A banking system loaded down with hundreds of billions of dollars worth of unrecognized bad debt — Japan in the 1990s? No, it’s the United States today.
And where are American banks hiding their losses? Among other places, in their loan portfolios.
(Click table to enlarge in new window)
Banks have written down billions in toxic securities, but many toxic loans are still carried at close to full value. According to data published by the Federal Reserve late last year, banks are carrying $3 trillion of residential real estate loans and $1.7 trillion of commercial real estate loans on their books for a total of $4.7 trillion. Dan Alpert at Westwood Capital thinks as much as a fifth of that total could be uncollectable.
“We know lots of mortgage loans are underwater,” he says, describing the situation where the value of collateral has fallen below the principal balance of a loan. “A majority of the loans banks are holding were originated at the height of the bubble, when securitization broke down.”
When securitization markets were fully functional, banks had been able to package and sell their loans to investors. When those markets buckled, banks were forced to eat their own cooking — much of it rancid.
Banks argue that loans should not be marked down if they’re still “performing.” As long as borrowers are meeting their contractual obligations, there’s no reason to take a writedown. The problem is, this gives banks an excuse to extend, amend and pretend. They can make concessions on loan terms or delay foreclosure notices, if only to maintain the fiction that borrowers will make good.
With real estate prices likely to fall, and stay, 40 percent below the peak, borrowers have a big incentive to renege on their side of the bargain. This is how we become Japan. Emergency bailout facilities allow banks that otherwise would have failed under the weight of bad loans to hold those loans to maturity — pretending the bad ones will be paid off in full over time.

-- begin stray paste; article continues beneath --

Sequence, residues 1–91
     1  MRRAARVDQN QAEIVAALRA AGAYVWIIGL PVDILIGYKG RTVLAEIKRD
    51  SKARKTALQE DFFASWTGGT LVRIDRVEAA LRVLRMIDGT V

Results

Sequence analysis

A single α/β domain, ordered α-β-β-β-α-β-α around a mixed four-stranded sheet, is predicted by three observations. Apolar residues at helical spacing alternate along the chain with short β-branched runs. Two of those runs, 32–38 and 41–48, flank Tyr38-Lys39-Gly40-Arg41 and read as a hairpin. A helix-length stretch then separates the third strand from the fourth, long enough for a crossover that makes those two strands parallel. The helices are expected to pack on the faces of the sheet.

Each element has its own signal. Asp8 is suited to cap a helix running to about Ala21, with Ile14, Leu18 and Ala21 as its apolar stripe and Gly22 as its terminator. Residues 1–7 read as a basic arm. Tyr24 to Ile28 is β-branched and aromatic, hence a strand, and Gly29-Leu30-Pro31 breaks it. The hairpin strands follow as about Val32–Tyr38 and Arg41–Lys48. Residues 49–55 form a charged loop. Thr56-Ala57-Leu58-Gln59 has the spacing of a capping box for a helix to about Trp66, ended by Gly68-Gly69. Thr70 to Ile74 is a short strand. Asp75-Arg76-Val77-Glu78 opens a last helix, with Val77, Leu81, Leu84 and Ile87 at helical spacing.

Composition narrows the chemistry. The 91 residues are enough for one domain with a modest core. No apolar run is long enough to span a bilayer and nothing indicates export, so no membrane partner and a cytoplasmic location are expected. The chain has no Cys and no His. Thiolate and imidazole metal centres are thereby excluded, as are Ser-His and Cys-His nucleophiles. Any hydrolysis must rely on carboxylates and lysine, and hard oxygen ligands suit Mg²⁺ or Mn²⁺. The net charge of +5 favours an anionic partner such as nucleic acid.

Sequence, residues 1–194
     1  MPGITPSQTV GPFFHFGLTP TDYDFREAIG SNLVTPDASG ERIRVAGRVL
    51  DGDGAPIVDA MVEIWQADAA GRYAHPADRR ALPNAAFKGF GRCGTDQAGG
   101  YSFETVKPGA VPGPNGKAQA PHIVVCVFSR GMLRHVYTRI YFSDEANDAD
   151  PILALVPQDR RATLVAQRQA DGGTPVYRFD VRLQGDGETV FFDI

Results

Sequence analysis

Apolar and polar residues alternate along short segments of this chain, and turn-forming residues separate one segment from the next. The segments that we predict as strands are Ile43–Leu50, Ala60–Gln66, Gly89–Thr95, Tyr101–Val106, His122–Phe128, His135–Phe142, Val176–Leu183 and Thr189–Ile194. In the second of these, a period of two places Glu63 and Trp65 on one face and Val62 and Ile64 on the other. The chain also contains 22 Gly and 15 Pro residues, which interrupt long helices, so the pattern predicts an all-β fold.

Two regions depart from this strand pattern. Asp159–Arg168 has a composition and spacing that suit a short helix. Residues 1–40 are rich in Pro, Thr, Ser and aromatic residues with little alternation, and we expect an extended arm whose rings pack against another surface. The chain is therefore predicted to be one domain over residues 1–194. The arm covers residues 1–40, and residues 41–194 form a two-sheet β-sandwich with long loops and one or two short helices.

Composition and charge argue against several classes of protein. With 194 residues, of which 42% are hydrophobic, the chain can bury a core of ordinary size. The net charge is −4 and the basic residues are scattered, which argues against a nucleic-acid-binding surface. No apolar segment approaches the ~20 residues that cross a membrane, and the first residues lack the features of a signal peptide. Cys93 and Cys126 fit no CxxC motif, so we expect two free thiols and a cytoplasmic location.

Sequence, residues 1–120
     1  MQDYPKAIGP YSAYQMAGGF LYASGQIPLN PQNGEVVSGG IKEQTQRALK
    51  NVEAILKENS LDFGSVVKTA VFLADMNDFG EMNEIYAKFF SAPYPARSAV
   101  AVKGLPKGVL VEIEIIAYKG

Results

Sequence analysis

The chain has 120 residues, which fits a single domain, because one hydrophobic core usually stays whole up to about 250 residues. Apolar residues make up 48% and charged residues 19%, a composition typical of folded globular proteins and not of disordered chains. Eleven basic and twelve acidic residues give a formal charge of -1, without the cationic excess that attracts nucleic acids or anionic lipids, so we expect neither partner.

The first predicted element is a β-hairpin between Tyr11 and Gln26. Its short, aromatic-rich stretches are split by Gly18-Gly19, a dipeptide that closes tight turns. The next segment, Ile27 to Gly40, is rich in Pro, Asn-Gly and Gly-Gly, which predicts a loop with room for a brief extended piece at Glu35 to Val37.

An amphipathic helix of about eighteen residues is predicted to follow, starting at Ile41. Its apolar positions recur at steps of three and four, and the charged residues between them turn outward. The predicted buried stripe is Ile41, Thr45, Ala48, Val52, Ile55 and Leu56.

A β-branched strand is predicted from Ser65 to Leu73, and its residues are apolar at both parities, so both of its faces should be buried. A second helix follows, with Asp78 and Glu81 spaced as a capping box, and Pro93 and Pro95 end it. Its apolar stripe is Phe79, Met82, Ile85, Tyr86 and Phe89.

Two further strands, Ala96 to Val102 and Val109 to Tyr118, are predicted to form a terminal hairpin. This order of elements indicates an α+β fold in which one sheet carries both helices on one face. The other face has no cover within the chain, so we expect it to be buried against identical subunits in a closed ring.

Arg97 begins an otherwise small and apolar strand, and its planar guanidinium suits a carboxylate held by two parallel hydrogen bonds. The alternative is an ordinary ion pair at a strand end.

In reality, many loans will default and banks will bleed capital for years. Take commercial real estate. As the Congressional Oversight Panel has reported, few CRE loans that were originated at the peak will qualify for refinancing when they mature. Banks can pretend they will, carrying the loans at values far above what will ever be paid back.
FASB wants to bring some clarity to the issue. A plan under discussion would force banks to record loans at fair value on their balance sheets. But it’s not clear how much good that would do.
One problem is that it’s much more difficult to determine the fair value of a loan than it is the fair value of a security, where more liquid markets with more frequent price quotes make measurement relatively easier. With loans, banks must rely on internal models.
Banks are now required to report fair value estimates four times a year. But the most recent data raises just as many questions as it answers.
(Click table to enlarge in new window)
For instance, what estimates are banks using in their models? As Jonathan Weil of Bloomberg noted, Regions Financial carries its loans at 34 percent above fair value, Citigroup carries its loans at no premium. This could mean Regions faces bigger losses down the road, or it could mean Citi’s fair-value calculation is too charitable. More likely, it means both.
Determining fair value is largely subjective. So FASB’s proposal, to make banks adjust their balance sheets accordingly, is imperfect. It could have a positive impact if regulators use the new information to force banks to raise more capital, cushioning balance sheets from the future writedowns we know are lurking.
But will banks raise enough? Probably not. Alpert is highly skeptical that banks’ fair value estimates are accurate: “Given the decline in value of collateral backing these loans, it’s very likely banks are underestimating the severity of future losses.”
So what do we do? We can start by eliminating government guarantees that allow banks to avoid dealing with the problem. As things stand, the biggest banks have no incentive to write down loans because the Federal Reserve, Federal Deposit Insurance Corporation and Treasury Department have, in effect, promised them unlimited financing to hold loans to maturity.
As the Japanese can tell you, this is just a recipe for stagnation. Thanks to a debt bubble that authorities refused to deal with decisively, that country is now entering its third consecutive lost decade.